Eritrea conscription still indefinite, says Amnesty

Image caption,
Many Eritreans, including unaccompanied children, first flee over the border to Ethiopia

Conscription in Eritrea continues to be indefinite despite the government saying last year it would be limited to 18 months, Amnesty International says.

The compulsory service, which often lasts decades, is the main reason cited by those who flee the country.

Eritreans make up the third-largest number of migrants trying to reach Europe, after Syrians and Afghans.

Amnesty said European states are increasingly rejecting asylum requests despite the reality on the ground.

Its 57-page report - Just Deserters - says in the second quarter of 2015, the UK government rejected 66% of Eritrean asylum cases in first instance decisions.

2015 Eritrean asylum cases in the UK

In March, UK guidelines regarding granting asylum to Eritreans were updated to say they were now able to return to the country safely:

  • Jan-March: 703 granted; 160 rejected
  • April-June: 303 granted; 599 rejected
  • July-Sept: 373 granted; 580 rejected

Source: UK Home Office

"The situation facing conscripts in Eritrea is desperate and exposes the lie behind claims made by certain host countries that most Eritreans arriving at their borders are economic migrants," Amnesty International's Michelle Kagari said in a statement.

"These people, many of them children, are refugees fleeing a system that amounts to forced labour on a national scale."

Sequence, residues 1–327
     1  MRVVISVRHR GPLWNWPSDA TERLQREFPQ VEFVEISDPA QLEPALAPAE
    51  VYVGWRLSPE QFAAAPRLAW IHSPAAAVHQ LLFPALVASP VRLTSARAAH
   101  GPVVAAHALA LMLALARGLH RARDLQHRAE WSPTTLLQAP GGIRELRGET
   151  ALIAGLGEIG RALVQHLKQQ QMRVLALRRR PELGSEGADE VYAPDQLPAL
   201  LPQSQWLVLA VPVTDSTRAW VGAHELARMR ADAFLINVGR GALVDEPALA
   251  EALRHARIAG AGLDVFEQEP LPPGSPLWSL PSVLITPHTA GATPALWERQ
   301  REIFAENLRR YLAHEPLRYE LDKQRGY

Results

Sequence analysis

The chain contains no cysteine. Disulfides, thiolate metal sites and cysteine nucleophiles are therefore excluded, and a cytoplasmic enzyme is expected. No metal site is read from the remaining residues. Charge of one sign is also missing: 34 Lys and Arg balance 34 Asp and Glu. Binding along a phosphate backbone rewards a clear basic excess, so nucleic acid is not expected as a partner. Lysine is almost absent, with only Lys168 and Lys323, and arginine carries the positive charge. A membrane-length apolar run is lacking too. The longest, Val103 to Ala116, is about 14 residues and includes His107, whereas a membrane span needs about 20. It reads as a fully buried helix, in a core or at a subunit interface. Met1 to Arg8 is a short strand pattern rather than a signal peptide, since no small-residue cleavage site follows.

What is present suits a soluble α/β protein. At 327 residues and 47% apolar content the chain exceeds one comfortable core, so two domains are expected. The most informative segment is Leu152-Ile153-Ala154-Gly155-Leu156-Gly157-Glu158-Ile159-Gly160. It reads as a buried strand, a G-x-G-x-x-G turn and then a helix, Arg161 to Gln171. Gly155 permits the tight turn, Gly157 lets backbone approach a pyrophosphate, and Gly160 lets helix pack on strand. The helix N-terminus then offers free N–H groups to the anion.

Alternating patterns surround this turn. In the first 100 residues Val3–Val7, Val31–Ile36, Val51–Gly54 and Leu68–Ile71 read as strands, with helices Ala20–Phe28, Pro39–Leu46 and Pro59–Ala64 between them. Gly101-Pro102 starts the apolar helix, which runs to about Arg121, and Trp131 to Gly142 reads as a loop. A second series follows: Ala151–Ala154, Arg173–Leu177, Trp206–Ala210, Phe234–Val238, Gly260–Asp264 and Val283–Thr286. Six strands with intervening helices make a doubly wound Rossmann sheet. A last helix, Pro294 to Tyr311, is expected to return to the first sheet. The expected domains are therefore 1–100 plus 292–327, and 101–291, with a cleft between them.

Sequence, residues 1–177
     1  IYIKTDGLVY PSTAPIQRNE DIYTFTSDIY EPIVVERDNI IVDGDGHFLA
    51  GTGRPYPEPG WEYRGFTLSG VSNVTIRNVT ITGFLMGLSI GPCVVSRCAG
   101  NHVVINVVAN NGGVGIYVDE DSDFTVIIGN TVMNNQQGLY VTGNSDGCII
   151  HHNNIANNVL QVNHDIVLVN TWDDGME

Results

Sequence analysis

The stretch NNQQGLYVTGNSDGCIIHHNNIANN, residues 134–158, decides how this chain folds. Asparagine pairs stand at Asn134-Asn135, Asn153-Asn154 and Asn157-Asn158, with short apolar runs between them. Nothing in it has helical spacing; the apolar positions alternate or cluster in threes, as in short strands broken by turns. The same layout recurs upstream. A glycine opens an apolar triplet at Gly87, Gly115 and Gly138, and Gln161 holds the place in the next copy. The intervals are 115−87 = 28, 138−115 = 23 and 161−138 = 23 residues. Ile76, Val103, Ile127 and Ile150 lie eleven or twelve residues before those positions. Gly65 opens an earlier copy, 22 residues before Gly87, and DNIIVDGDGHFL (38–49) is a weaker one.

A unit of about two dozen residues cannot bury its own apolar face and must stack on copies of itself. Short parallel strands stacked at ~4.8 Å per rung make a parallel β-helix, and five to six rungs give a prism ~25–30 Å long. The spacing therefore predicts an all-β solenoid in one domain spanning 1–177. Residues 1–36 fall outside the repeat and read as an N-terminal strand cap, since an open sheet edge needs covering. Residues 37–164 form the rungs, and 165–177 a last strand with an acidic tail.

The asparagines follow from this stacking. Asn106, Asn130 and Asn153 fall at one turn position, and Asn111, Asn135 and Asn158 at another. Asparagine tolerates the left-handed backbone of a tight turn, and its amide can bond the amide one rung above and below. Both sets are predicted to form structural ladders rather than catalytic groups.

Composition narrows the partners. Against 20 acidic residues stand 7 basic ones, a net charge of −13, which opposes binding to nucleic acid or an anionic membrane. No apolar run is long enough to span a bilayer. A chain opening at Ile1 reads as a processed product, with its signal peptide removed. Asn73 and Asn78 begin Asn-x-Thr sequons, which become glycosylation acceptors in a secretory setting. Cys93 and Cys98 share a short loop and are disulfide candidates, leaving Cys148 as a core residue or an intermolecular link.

The Eritrean government has maintained that those who leave are economic migrants and has said Eritrean "victims of human trafficking" who return home will not face punishment.

But the UK-based rights group's interviews with 72 Eritreans who fled the country since mid-2014 found this not to be the case.

Media caption,
The UN estimates around 4,000 people leave Eritrea every month

Some of the people interviewed said they had been conscripted for more than 10 or 15 years before fleeing; others had husbands or fathers still conscripted after 20 years of service.

"My father has been in military conscription since before I was even born," 18-year-old Binyam told Amnesty.

He said his father was paid 450 nakfa a month, which is $43 (£29) at the official exchange rate but the report says in reality is nearer $10.

This salary is not "even enough to buy oil", Binyam said, adding that his father only saw his family every six months for one or two weeks.

"If he overstayed, his division would come and take him back

"My older sister was in conscription for three years and then escaped to Ethiopia. I left just before I was conscripted to avoid it."

Low-paid conscripts are also deployed in civilian roles including farming and construction, the report said.

According to Amnesty, people caught trying to evade national service are detained, sometimes indefinitely, in appalling conditions often in underground cells or in shipping containers.

That fate is likely to befall those forcibly returned after the rejection of their asylum applications in Europe or elsewhere, the rights group warned.

Eritrea - key facts

  • Nation of six million on Red Sea - one of Africa's poorest countries
  • One-party state - no functioning constitution or independent media
  • Former Italian colony, later formed loose federation with Ethiopia
  • 1962 - Ethiopian Emperor Haile Selassie dissolved Eritrean parliament, seized Eritrea
  • Eritrean separatists - the Eritrean People's Liberation Front - fought guerrilla war until 1991, when they captured capital Asmara
  • Eritrea voted for independence in 1993
  • May 1998 border dispute with Ethiopia led to two-year war costing 100,000 lives
  • Still no peace settlement - thousands of troops face each other along 1,000km (620-mile) border

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